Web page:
• http://norecipes.com Marc Matsumoto

        Sorry to hear you were underwhelmed, but I disagree with laughing wolf in that “searing in flavors” is a myth ( http://en.wikipedia.org/wiki/Searing ). The reason for searing has to do with browning and the Maillard reaction which is achievable with this recipe if you cook it down long enough. Personally I like my ratatouille to be more stew like, but you if you want to go for over-the-top flavor, turn up the heat towards the end and let the liquid evaporate completely. This will allow the veggies to fry in the oil, encouraging browning and caramelization which should give you the oomph I think you’re looking for.

        • armedjester

          Of course, you are correct and science is on your side. The “longer cooking” however is not doing the zucchinis a favour and personally I dislike them “squishy”. I think, where we agree to disagree is the “stew”-bit. I prefer to have a mix of vegetables where you can taste the flavour of each kind of vegetable and they are not blended (this is some awkward phrasing, I’m attempting here, sorry!); so it’s about personal preference, I think. Next thing I’m attempting is your tea smoked lamb rack. I’ll post a comment if my apartment still exists after that one XD

  • Elena Zapassky

    Best Second place!

  • Carole

    Great recipe! We used the left overs to make a healthy spaghetti sauce. Boy did my kids love that!

    • http://norecipes.com Marc Matsumoto

      Hi Carole, I’m glad to hear you enjoyed it and love the idea of turning the leftovers into pasta!— Sent from Mailbox for iPhone

  • marie

    I love your recipe for this dish! What would you say to adding a few olives next time I make it?

    • http://norecipes.com Marc Matsumoto

      Thanks Marie! Olive sound like a great addition, I think Kalamata or Niçoise would work best.

  • marietmsn

    Hi Marc! I have another question. This dish always looks so beautiful to me before the tomato coats everything in red. Even though that tastes so delicious, I have been trying to think of a good way to maybe separate out the tomato stew part from the lovely peppers, zuchini and eggplant, and then to combine them again on the dish with the red sauce underneath the vegetables. Any ideas? Or would that just deprive those vegetables from “getting acquainted” too much? By the way, just read through your whole site and love your recipes and instructions: tonite poached salmon with salsa verde.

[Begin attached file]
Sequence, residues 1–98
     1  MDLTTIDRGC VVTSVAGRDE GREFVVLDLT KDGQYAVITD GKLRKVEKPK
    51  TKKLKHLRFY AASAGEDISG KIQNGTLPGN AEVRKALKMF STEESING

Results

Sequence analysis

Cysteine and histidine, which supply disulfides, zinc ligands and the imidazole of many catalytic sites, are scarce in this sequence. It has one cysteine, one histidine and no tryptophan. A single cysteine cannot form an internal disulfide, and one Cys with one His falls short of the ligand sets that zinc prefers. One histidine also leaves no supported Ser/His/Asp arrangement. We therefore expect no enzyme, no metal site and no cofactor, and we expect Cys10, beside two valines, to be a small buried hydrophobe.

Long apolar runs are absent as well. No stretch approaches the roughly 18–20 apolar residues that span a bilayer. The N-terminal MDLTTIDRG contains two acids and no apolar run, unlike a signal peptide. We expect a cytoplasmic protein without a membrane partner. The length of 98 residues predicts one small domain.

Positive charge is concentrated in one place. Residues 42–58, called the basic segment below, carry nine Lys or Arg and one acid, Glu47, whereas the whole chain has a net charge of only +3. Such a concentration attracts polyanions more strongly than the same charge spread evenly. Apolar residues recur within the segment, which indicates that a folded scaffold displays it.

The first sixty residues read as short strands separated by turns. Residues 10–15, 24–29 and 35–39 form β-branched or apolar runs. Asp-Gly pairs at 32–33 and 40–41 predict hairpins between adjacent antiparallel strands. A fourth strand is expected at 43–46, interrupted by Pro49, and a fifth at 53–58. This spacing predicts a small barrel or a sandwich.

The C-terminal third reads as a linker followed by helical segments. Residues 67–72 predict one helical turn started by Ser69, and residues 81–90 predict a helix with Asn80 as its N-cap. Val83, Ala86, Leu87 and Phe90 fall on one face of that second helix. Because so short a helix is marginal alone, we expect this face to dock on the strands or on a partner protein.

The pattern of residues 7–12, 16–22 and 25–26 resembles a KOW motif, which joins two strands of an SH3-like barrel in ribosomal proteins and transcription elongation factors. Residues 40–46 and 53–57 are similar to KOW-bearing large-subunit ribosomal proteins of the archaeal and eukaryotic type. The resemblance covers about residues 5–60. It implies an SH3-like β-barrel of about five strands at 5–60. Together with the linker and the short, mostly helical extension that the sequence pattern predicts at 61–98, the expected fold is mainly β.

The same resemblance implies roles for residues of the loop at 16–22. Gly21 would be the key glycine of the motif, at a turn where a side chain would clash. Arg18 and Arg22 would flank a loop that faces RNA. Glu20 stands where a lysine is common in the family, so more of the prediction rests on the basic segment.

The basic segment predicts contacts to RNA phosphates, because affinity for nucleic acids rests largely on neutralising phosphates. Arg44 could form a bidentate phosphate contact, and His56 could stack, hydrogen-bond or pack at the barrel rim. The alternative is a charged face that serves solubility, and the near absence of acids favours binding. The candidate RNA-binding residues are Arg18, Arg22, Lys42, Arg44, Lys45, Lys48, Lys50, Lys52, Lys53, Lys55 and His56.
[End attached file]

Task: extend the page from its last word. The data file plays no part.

• http://norecipes.com Marc Matsumoto

      Hi Marietmsn, it’s a good question, but unfortunately it just won’t taste the same. The other thing is that the colors look great when they’re raw, but when cooked (even without the tomato), the purples and greens fade. The only way I can think of that you could retain the color and still get everything tender would be deep fry the eggplant and zucchini in olive oil and then make a separate tomato sauce. This should taste pretty good and will look good as well, but you’re still not going to get the nice intermingling of flavors that you get from cooking them together.

      • marietmsn

        Thanks Marc. I decided to go for the great flavor. I made it last night, with olives added, and it was a great hit with everyone.

  • KatR87

    Just made this. I didn’t have eggplant on hand, so instead I added cucumber, carrots, extra yellow and orange bell peppers with some broccoli…. It is absolutely amazing.. Thank you for a delicious base recipe!!

  • Pamela Sistrom

    I have, already, a surplus of greens in my garden. Three kinds of kale, purple mustard greens, red, yellow and green chard. I’ve tried to find a recipe for Ratatouille WITH greens. Can’t find. So, I’m gonna cut the stems out and scissor cut an assortment of greens, sauté them, add a little broth. Then, use them as a bed for the Ratatouille and then, place poached eggs on top! I will get back to you!

    • http://norecipes.com Marc Matsumoto

      Sounds like a great idea Pamela! Maybe brown some garlic before you add the greens?

      • Pamela Sistrom

        Mark,
        Notice Time Magazine, June 23d cover story, “Eat Butter. Scientists labeled fat the enemy. Why they were wrong.”